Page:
Hurricanes finally back on ice; Staal notes ‘different feel’

With safety protocols in place, Carolina begins organized preparation for its play-in series with the Rangers

Jordan Staal, right, and Justin Williams are two of the veterans who will lead the Hurricanes into the NHL’s unchartered return. (Keith Srakocic / AP Photo)

Jordan Staal and some of his Carolina Hurricanes’ teammates returned to the ice for the first team-organized skate in more than three months, the latest step in NHL’s attempt to return and finish the 2019-20 season.

“It could blow up; it could not. It could be great,” Staal said in a Zoom call with reporters following the team’s Phase 2 workout. “No one really knows, but from what I’ve seen, they’ve done the best they can to make sure that everyone’s safe and hopefully we’ll keep it that way.”

Safety, of course, will be the top priority of the players and the league, who are ironing out agreements on where and how the agreed-upon play-in series and playoffs will be played during the COVID-19 pandemic.

The Hurricanes are set to face the New York Rangers in a five-game play-in series, with the winner advancing to a 16-team bracket that, on the surface, will look a lot like a standard Stanley Cup Playoffs — with a handful of exceptions.

The play-in and playoff games will be played in two “hub” cities — Las Vegas and Toronto are considered the frontrunners, and in that scenario, Carolina would head to Canada — with no fans in the stands. Another change is the playoff teams will be reseeded after each round, with the highest-seeded team facing the lowest.

Teams that had lost players to short-term injuries will get many of those players back for the season’s resumption. That includes the Hurricanes, who will have top-pairing defenseman Dougie Hamilton available — Staal said he skated Tuesday with the 6-foot‑6 blueliner, who suffered a broken fibula in mid-January — and may finally get to see how trade deadline acquisition Sami Vatanen fits into their defense.

That all started in earnest with the first small group skate, a return that the team captain admitted was a little bizarre.

“I mean, it’s different,” Staal said. “Pretty much my whole life I’ve had the same routine of September starts, you have the season going and you have your summers off. (It’s) definitely a little bit different feel. The lake up north right now is really nice. It’s tough not to be there, but at the same time (I’m) excited to have a chance of winning a Cup.”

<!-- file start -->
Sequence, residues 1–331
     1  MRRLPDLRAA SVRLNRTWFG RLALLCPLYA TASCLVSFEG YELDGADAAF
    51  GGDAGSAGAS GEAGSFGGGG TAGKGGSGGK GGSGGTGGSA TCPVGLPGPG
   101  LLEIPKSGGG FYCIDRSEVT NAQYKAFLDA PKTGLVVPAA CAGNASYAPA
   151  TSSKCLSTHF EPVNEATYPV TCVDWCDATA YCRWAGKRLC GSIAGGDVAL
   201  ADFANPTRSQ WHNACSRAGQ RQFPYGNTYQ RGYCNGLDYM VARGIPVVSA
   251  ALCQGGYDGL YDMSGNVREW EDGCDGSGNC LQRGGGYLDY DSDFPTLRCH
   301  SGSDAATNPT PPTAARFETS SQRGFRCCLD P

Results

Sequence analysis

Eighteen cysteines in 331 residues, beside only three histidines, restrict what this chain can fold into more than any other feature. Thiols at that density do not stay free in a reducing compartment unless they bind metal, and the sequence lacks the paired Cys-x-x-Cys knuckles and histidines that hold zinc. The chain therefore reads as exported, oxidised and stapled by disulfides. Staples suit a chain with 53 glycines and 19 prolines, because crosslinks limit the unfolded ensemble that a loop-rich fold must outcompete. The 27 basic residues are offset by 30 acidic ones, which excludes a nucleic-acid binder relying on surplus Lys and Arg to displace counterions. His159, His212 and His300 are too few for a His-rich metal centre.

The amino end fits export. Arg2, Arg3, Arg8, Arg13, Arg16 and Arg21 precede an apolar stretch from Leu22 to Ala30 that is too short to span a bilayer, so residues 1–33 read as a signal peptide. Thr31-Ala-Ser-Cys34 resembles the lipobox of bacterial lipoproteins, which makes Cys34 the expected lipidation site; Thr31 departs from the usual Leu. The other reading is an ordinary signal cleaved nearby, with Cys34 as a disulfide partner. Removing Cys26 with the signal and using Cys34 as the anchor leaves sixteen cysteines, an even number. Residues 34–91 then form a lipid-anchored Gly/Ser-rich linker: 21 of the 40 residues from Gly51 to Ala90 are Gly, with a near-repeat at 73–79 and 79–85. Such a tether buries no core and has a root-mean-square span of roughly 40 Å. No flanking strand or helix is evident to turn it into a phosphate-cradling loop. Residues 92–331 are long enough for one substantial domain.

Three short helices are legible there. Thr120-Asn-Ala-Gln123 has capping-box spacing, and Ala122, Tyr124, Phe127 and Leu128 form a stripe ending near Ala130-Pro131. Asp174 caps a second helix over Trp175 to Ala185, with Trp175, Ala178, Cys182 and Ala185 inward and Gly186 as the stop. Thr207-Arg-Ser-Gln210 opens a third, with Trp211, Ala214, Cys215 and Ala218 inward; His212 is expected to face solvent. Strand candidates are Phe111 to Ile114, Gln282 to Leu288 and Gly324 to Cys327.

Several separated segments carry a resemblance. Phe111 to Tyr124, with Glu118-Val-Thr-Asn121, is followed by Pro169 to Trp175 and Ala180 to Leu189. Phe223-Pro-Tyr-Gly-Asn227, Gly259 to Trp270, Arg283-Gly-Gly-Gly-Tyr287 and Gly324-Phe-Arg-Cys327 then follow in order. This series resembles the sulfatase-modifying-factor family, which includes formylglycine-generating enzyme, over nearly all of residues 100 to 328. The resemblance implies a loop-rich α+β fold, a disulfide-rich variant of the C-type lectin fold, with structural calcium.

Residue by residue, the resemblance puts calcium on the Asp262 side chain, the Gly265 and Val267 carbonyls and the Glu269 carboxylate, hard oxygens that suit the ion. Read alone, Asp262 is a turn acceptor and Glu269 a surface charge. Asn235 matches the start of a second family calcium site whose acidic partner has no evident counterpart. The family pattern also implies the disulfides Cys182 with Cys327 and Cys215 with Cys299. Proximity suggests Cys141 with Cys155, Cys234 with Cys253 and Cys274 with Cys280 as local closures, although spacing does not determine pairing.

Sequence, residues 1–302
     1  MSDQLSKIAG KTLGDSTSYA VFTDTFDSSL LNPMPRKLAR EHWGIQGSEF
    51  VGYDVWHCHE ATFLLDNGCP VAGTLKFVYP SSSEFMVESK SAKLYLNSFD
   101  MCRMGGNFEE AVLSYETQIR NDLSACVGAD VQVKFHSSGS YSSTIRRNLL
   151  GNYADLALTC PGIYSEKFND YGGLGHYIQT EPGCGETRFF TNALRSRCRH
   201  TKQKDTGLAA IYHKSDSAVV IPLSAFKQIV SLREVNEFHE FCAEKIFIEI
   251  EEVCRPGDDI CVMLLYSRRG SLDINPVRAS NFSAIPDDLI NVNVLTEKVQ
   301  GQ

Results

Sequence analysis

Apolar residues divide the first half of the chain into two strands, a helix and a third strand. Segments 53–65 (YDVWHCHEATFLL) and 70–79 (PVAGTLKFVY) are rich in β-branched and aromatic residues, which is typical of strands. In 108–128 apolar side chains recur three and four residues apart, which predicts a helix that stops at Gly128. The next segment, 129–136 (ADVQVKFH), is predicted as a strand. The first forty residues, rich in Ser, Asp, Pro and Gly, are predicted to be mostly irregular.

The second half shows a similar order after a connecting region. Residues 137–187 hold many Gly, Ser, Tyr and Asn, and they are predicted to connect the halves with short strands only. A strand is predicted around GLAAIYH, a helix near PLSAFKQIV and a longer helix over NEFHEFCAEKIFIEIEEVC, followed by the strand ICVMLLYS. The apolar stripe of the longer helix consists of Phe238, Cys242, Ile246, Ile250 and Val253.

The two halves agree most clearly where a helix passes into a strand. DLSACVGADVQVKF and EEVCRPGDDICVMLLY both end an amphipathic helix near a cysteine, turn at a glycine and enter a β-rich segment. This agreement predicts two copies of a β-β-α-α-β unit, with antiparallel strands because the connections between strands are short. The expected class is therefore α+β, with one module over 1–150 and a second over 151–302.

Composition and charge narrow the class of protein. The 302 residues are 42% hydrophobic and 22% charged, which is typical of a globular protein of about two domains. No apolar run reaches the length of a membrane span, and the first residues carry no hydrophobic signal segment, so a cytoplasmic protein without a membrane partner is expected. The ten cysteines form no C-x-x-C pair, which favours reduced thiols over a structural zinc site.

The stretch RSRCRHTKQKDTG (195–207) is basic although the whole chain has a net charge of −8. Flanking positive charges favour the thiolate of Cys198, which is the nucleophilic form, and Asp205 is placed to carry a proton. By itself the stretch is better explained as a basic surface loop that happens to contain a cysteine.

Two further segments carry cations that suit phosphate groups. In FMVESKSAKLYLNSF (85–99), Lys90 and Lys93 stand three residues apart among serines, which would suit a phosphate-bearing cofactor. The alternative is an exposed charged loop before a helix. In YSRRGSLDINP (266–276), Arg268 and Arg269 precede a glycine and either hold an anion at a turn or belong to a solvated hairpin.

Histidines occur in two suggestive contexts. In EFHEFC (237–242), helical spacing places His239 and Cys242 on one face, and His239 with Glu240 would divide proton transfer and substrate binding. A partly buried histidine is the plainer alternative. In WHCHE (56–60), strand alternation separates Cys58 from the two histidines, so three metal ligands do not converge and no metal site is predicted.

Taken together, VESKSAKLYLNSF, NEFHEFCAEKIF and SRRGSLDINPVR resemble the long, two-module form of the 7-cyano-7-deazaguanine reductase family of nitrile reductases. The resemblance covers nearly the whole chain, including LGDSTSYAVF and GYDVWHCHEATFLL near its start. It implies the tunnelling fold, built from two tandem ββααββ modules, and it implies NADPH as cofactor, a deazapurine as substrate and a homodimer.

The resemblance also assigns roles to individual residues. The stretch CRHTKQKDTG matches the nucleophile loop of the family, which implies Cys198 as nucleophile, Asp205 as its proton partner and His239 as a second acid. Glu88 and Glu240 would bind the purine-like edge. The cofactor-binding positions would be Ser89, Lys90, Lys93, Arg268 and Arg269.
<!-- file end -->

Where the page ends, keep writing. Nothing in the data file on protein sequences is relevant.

The restart should provide some interesting opportunities for various players.

Justin Williams, the 38-year-old who re-signed with the team Jan. 7 and played his first game back with Carolina 12 days later, will pursue his fourth Stanley Cup and was riding a five-game goal streak when the league was shut down.

Wingers Nino Niederreiter and Ryan Dzingel had underperformed through the season’s first 68 games and probably welcome a cleaner slate.

And then there’s Morgan Geekie, the 21-year-old center who played his first two games right before the NHL was shut down and had a welcoming party for the ages, totaling three goals and an assist in two wins.

“I feel bad for Geeks. He was on a roll,” Staal said. “It’s obviously too bad, especially for him, but he’s going to be a good player, I think, for a really long time. So he’ll be just fine.”

For now, Staal and his teammates aren’t looking too far ahead. The NHLPA still has to vote on the negotiated proposal — Staal said he thought a vote, which sounds like it will also include an extended collective bargaining agreement, might happen last weekend, but “a lot of guys working on calls every other day or every day for hours trying to figure this out and try to get hockey back for the fans” — and the players still need to knock the rust off in preparation for games.

While the normal bumps, bruises and nagging injuries associated with having played more than three-quarters of the season won’t be there, Staal said fresher bodies don’t necessarily mean better hockey.

“You get training camp with (coach Rod Brind’Amour) and you’re going to be a little sore, but I think there is going to be some freshness and I think there could be more mistakes, too,” Staal said. “I think you start dialing in your game throughout a season and you roll right in the playoffs and you got everyone humming, where taking two, three months completely off of hockey and mixing a few skates here and there and (being) thrown right into a playoff game, it’s going to be interesting hockey, obviously.

“No one really knows how it’s going to look, but we’re going to have some fresh legs and healthy bodies, and the hockey could be really exciting,” he added. “Who knows? Because it could be a lot of mistakes and stuff like that, but hopefully that’s not gonna be our team. But it could make for some entertainment.”